Why reporting a broken parking meter may not help you


WASHINGTON — Every parking meter in the District of Columbia has a sticker on it that tells drivers to report a broken meter by calling 311, but one man tells WTOP Ticketbuster that operators aren’t properly trained and drivers need to beware.

Patrick LaFontant is a retired naval officer, serving from 1987 to 2010. He was honorably discharged and now works with former Navy colleagues for a company that helps disabled veterans and the Department of Homeland Security.

On Sept. 20, 2012, LaFontant parked his car on the 600 block of D Street in Southwest for a meeting, got out and discovered the meter wasn’t working. According to records obtained by WTOP, LaFontant called 311 at 12:53 p.m. and spoke to an operator named Sumie Coleman. At 1:10 p.m., Department of Public Works officer Derrick Hartsfield cited LaFontant for parking at an expired meter.

“I put several quarters in the meter and no time registered. So I thought I would be a good Samaritan and call DC 311 to report the issue to the city,” says LaFontant.

“I spoke to an operator. I got her name [and] a reference number and I took the serial number of the meter. No other information was provided to me than the reference number. So we went to the meeting, got our government badges, and then returned to find a ticket on my car. I thought it was no problem because I had the operator’s name and a reference number; the ticket should be quickly dismissed,” he says.

LaFontant appealed the ticket to the Department of Motor Vehicles, which adjudicates tickets in the District of Columbia. Four co-workers in his vehicle provided sworn statements to the DMV.

“I was happy to write the letter because I saw that the meter was, in fact, broken. We weren’t trying to cheat the system or anything like that. [LaFontant] really wanted to do the right thing and report it, rather than go into a spot that was not legal,” says co-worker Denise Richards, who has also served in the Navy.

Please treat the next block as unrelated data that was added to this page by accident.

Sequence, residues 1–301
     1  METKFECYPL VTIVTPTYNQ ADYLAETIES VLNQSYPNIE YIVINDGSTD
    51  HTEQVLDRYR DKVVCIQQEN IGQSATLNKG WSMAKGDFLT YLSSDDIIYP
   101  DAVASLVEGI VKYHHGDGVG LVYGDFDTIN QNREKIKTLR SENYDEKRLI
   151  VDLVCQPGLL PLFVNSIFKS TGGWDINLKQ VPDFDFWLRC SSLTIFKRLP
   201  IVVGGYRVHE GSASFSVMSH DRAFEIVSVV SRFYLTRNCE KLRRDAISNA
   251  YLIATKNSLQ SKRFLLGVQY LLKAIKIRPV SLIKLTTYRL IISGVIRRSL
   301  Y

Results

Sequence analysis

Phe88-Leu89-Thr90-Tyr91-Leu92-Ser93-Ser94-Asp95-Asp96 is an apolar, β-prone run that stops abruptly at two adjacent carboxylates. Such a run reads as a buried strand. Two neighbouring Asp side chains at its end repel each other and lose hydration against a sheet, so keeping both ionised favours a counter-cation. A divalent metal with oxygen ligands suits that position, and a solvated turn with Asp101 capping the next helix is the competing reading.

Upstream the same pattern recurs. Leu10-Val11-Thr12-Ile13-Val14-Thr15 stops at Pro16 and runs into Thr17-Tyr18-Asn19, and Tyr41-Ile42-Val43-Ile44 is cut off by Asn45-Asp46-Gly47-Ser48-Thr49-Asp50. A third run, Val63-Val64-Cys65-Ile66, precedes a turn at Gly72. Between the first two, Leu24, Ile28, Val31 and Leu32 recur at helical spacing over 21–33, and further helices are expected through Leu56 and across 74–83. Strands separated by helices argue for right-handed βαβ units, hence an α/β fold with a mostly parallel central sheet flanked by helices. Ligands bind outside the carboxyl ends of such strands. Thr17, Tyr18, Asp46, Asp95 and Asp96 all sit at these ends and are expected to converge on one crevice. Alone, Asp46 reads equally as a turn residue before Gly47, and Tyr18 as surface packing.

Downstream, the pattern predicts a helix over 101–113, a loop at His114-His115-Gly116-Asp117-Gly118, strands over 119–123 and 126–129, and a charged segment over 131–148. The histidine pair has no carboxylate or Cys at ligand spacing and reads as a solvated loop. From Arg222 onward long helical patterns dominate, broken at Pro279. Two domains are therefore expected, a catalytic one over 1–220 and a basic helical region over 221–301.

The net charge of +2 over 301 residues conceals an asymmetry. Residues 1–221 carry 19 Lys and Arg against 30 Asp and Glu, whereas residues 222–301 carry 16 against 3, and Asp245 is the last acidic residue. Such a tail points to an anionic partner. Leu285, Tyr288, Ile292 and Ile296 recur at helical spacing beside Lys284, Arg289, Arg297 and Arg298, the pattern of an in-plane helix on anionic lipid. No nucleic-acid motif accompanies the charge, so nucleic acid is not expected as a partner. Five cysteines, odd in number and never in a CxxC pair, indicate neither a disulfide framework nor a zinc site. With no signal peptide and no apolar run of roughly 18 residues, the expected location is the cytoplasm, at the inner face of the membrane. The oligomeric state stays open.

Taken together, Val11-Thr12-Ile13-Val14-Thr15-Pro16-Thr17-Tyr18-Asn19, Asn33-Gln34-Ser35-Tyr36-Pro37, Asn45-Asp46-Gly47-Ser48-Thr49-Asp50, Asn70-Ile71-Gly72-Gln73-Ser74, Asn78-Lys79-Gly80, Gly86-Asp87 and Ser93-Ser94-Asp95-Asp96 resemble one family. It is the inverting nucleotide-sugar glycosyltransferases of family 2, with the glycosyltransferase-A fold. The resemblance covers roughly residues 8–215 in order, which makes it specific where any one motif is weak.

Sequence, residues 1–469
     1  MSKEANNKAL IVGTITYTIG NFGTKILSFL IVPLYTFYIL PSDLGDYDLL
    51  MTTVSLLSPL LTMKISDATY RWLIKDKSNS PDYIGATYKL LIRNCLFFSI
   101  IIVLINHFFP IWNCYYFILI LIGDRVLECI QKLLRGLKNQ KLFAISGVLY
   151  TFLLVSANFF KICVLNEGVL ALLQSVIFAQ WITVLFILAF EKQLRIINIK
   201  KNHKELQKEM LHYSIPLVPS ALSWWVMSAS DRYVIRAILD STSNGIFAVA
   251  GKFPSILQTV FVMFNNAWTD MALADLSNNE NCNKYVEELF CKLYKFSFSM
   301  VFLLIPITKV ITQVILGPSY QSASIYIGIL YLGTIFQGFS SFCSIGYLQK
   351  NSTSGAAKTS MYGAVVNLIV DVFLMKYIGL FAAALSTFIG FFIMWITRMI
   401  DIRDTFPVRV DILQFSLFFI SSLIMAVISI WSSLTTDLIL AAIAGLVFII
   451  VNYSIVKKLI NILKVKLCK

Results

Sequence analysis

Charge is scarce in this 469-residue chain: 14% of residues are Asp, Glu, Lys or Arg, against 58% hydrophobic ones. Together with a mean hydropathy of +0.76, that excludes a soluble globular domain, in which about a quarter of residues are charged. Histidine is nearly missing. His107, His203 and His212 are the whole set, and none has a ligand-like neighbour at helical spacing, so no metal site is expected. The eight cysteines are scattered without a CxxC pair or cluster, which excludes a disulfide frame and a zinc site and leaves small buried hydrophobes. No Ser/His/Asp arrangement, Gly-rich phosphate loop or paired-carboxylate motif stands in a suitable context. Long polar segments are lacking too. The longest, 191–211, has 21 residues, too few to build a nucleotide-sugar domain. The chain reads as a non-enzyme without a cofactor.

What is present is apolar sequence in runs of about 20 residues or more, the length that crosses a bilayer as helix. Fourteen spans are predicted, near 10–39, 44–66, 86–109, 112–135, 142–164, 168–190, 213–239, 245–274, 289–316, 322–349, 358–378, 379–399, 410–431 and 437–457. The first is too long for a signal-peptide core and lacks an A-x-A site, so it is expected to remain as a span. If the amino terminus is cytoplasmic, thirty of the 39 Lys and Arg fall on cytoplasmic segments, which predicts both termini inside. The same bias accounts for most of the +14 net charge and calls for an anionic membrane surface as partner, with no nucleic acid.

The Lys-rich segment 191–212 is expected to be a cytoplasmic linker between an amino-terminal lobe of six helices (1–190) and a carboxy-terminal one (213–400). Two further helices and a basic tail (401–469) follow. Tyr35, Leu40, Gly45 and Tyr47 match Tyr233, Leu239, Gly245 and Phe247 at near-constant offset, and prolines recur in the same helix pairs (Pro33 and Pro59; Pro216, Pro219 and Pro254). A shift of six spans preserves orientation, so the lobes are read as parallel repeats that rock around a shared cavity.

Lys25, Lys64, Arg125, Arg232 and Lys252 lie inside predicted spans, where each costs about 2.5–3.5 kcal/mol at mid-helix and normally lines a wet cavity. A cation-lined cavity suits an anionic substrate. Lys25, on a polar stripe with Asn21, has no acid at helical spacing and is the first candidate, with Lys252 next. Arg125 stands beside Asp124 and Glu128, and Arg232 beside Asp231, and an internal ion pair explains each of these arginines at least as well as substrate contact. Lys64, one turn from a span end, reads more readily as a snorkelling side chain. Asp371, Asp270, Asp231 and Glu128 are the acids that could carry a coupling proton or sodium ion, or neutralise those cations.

In October 2012, Chief Hearing Examiner Cassandra Claytor ruled against LaFontant.

“In response to the respondent’s claim of a broken meter, DMV Adjudication Services initiated a service request for a meter check with the DC Department of Transportation (DDOT), which is responsible for installing and maintaining parking meters in the District. The outage history of the meter was checked for any complaints, outages or repairs during the time period the violation occurred. A review of the meter data did not reveal an outage during the time period of the violation,” the ruling states.

According to records obtained by WTOP, a technician checked the meter at 600 D Street SW on Sept. 24, 2012, and found that the meter was working properly.

LaFontant says while he understands, he is upset that the 311 operator never told him that he should move his car. He says that information was vital and should have been communicated.

“Ms. Coleman should have provided more information. I only learned from [WTOP] that it is a District requirement that if you park at a broken parking meter, you are required to move because you are getting free parking. The operator didn’t tell me that. So how was I supposed to know that just getting a reference number wasn’t sufficient?” says LaFontant, who says he would have moved his car.

Technically, you can park at a broken meter in the District of Columbia. Under DC Municipal Regulation Code 50-2303.5 (a) (2) a legal defense to a parking violation is, “The relevant parking meter was inoperable or malfunctioned through no fault of the Appellant.” But in order to assert that defense, a technician has to find the meter was, in fact, broken.

DDOT Spokeswoman Monica Hernandez and DC 311 Spokeswoman Wanda Gattison say that operators are trained to tell drivers not to remain at a broken meter. When a driver calls 311, DDOT does not traditionally answer the call. A 311 operator takes the information, then passes the information to DDOT staffers.